Sir Paul a surprise guest at Chabad Rutgers gala
Ex-Beatle’s girlfriend’s dad donates $500,000 for Torah studies
Susan Shevell joins her father, Myron “Mike” Shevell, in lighting the Hanukka menora at the Rutgers Chabad Founders Dinner; Shevell was honored for his $500,000 gift to create a Torah studies program. Photos by Debra Rubin Gov. Chris Christie displays the award he received at the Chabad dinner; with him are, from left, Malcolm Hoenlein, master of ceremonies Jerold Zaro, Rutgers Chabad executive director Rabbi Yosef Carlebach, dinner chair Lita Greenberg, and her husband, Jeffrey.
by Debra Rubin
NJJN Bureau Chief/Middlesex
December 9, 2010
The 32nd annual Rutgers Chabad National Founders dinner drew its usual crowd of philanthropists, Jewish communal and business leaders, and local and state political figures, including Gov. Chris Christie. But it was an unexpected guest who generated the most buzz.
As the 500 attendees were taking their seats at the Dec. 7 event in the ballroom of the Hyatt Regency in New Brunswick, an excited murmur went through the room. Guests reached for their cell phones to snap photos as ex-Beatle Paul McCartney walked in with longtime girlfriend Nancy Shevell.
Shevell’s father, Myron “Mike” Shevell was one of the night’s honorees — along with Christie — in recognition of his $500,000 gift to create a Torah studies program for Rutgers students, who will receive a certificate and stipend after completing 60 semester hours of study.
Shevell is chair of New England Motor Freight and the Shevell Group and vice chair of New Jersey Transit. McCartney has reportedly been dating Nancy Shevell, a vice president of the family-owned business, since 2007.
The dinner raised $3 million toward the $10 million expansion of Chabad House at Rutgers, increasing the size of what is already the world’s largest Chabad facility by 55,000 square feet. The expansion includes the addition of a boys’ dormitory, enlarged dining facilities, and the first Sephardi synagogue at an American public college campus.
The dormitory is being named in honor of Rabbi Gavriel and Rivkah Holtzberg, the Chabad emissaries killed two years ago in the terrorist attack in Mumbai.
Chabad has reached 80 percent of its fund-raising goal for the expansion, said its executive director, Rabbi Yosef Carlebach. The project is expected to be completed in the spring.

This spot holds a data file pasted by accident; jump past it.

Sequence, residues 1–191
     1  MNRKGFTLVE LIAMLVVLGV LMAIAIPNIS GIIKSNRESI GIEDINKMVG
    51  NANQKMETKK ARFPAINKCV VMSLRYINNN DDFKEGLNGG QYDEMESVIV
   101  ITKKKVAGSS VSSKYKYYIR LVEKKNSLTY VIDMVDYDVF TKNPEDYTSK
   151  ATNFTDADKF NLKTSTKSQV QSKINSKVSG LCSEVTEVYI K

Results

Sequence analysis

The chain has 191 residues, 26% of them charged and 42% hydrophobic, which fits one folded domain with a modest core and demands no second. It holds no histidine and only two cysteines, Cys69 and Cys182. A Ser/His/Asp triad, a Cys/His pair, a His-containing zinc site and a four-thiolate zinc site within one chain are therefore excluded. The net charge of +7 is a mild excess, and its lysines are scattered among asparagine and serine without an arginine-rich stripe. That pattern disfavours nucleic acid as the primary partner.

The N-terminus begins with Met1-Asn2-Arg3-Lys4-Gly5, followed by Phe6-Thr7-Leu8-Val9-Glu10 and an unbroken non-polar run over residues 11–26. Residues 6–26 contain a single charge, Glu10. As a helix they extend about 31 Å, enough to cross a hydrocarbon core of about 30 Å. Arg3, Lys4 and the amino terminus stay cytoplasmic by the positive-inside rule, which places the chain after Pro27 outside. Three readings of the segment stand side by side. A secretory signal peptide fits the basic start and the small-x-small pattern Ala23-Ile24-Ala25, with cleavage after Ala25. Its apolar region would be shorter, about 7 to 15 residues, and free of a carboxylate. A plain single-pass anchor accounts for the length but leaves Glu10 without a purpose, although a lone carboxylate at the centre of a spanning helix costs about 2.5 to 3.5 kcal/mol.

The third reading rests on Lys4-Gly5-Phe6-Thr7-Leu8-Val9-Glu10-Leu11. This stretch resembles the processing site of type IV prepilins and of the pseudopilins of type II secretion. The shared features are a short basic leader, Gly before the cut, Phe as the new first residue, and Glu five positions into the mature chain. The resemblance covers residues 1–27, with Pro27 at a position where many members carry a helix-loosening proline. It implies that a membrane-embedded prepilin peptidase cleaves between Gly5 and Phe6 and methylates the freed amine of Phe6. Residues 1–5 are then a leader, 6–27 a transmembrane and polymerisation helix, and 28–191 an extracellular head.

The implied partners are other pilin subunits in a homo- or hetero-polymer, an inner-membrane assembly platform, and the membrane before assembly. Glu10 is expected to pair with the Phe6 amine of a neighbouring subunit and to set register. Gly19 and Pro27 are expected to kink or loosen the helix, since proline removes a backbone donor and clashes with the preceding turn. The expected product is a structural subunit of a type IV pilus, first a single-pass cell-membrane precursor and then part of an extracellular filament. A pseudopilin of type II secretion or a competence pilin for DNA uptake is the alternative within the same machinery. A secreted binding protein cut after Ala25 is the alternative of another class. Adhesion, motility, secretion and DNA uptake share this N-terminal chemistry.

Although Sir Paul, dressed in a suit and high-top sneakers, wouldn’t take questions from the press, he graciously autographed dinner programs and shook hands with fans. He politely demurred and smiled when invited onstage with the rest of the Shevell family, but stood and cheered.
McCartney quietly sat at one of the front tables during the evening and applauded during Christie’s remarks.
The governor was followed by Malcolm Hoenlein, executive vice chair of the Conference of Presidents of Major American Jewish Organizations, the keynote speaker. McCartney also listened and offered polite applause as Hoenlein delivered an impassioned speech focusing on the attempted “delegitimization” of Israel and the need to remain vigilant against anti-Semitism.
As he got up to speak, Hoenlein confessed to the crowd, “I’m nervous. You know, I’ve spoken with presidents and prime ministers — but Paul McCartney.”
Christie, well known as a rock fan, stopped in mid-speech as he glanced at McCartney’s table and remarked, “I can’t believe it; Paul McCartney.”
“I think we witnessed a Hanukka miracle,” Carlebach said of the dinner, which fell on the sixth night of the holiday. “Everyone who came thought they were coming to a small dinner, but when they left they didn’t feel that way.”
Asked if he knew in advance that McCartney was coming or if the rock star made any of the handful of significant anonymous gifts that were announced, Carlebach told NJJN, “I cannot confirm or deny anything about Paul.”
Mike Shevell said he made his donation in memory of his son, Jon, who died in 2008 at age 50 and who had been honored by Chabad in 2006.
“My son, Jon, started this and in his honor, I am finishing this,” he said, adding that he wanted to give Jewish students an incentive “to study the Jewish religion and further their Jewish studies.”